The makers of 300: Rise of an Empire know their audience. Like gore? Have some more. Bearded guys with perfect abs? Here by the hundreds. Motivational speeches delivered as if the film were set in a locker room? Bellow on, my friends. The movie becomes a slave to audience expectations, which were set in stone with the 2007 release of its predecessor, 300 - based on the graphic-novel series by Frank Miller and Lynn Varley.
The makers of 300: Rise of an Empire know their audience.
Like gore? Have some more. Bearded guys with perfect abs? Here by the hundreds. Motivational speeches delivered as if the film were set in a locker room? Bellow on, my friends.
The movie becomes a slave to audience expectations, which were set in stone with the 2007 release of its predecessor, 300 — based on the graphic-novel series by Frank Miller and Lynn Varley.
Part sequel and part ancillary product, Rise of an Empire takes place both before and during the previous effort. The pseudo-history lesson provides some back story to 300 while also covering subplots of the second Persian invasion of Greece (480-479 B.C.).
Two battles at sea serve as bookends for the film: Artemisium and Salamis.
Athens is torched. Sparta is weary of war and distrustful of Athenian leader Themistocles.
This isn’t Greece’s finest hour, as cities splinter and look after self-interests. Through voice-overs, Queen Gorgo (Lena Headey, reprising her role from the first film) fills in the rest of the story.
The film centers on Themistocles (Russell Crowe look-alike Sullivan Stapleton, the only actor here who has more range than an action figure). He and his counterpart, Artemisia (Eva Green), square off as mortal enemies, with a hint of sexual tension in the mix.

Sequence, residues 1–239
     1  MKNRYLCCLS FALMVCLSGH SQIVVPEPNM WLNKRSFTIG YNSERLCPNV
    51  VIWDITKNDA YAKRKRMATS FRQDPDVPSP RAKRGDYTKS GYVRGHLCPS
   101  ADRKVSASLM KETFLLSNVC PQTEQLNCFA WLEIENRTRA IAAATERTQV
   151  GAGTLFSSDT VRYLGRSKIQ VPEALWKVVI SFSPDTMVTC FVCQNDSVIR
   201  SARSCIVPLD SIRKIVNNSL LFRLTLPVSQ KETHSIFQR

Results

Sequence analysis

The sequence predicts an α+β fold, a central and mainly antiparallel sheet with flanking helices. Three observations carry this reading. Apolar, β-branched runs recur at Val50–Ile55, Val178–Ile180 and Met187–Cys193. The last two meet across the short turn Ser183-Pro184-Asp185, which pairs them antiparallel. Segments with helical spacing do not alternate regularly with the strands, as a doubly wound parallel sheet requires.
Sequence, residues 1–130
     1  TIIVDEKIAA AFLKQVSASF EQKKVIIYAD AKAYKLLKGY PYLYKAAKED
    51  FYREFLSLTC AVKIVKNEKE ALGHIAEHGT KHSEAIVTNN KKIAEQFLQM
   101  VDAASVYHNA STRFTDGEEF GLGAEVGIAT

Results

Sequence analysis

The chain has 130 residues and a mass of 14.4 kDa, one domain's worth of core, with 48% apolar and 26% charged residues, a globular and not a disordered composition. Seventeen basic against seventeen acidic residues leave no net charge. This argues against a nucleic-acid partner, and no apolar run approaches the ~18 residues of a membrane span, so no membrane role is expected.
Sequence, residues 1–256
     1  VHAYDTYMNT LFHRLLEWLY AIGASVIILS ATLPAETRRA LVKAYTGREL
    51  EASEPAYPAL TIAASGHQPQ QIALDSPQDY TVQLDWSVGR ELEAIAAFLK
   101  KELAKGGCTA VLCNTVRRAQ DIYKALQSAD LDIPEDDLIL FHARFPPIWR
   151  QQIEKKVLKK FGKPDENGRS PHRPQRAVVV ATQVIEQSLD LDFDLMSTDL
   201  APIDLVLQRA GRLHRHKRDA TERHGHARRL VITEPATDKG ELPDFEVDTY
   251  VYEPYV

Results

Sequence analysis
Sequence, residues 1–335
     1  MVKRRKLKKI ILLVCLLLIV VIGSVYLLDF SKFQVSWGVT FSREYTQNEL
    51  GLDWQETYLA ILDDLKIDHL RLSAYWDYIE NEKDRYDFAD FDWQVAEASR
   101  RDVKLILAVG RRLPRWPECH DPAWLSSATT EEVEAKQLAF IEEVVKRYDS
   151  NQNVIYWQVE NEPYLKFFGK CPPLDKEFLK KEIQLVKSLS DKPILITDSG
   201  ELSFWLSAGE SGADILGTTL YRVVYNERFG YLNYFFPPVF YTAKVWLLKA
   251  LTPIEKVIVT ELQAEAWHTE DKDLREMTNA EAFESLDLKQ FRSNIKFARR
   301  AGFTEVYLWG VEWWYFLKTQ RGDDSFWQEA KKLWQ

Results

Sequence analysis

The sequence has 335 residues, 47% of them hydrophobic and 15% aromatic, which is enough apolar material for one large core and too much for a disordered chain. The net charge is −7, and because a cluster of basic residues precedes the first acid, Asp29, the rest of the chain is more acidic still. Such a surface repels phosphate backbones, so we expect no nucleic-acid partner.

Artemisia’s back story is brutal; it is little wonder that she despises the Greeks and will stop at nothing to destroy every last iota of the once-great civilization.
Xerxes (Rodrigo Santoro) — whose history is told, too — stands by while Artemisia, a scenery-chewing machine, growls directives to the Persians.
The film meekly poses the question of whether the endless war is worthwhile but quickly dismisses such introspection in favor of a battle scene, then another, with amputated limbs gushing maroon-colored blood.
After a scant moment of mourning, the armies go at it again.
The project seems to be the creation of cocky young men who were given a pile of money and told to have fun with it — sparing no expense on computer-generated images.Every shot strives to be more dramatic than the one before, giving all scenes a numbing sameness in which nothing stands out.
Debating the half-truths and inaccuracies depicted in Rise of an Empire is pointless. (Author Miller admits he took visual liberties with the Greek costumes, emphasizing torsos over defense.)
Silliness rules — but not a silliness that might tip off viewers that the filmmakers are serving blood-splattered winks.
Zack Snyder, who directed and co-wrote the original film, serves as a writer and producer. Noam Murro directed, and his inexperience as a feature-film maker shows.
The battle scenes are the only times when one can revel in pure spectacle. Each is staged differently, with the armies using strategies that keep viewers guessing.
The finale stretches credibility past the point of no return, but at least it isn’t boring.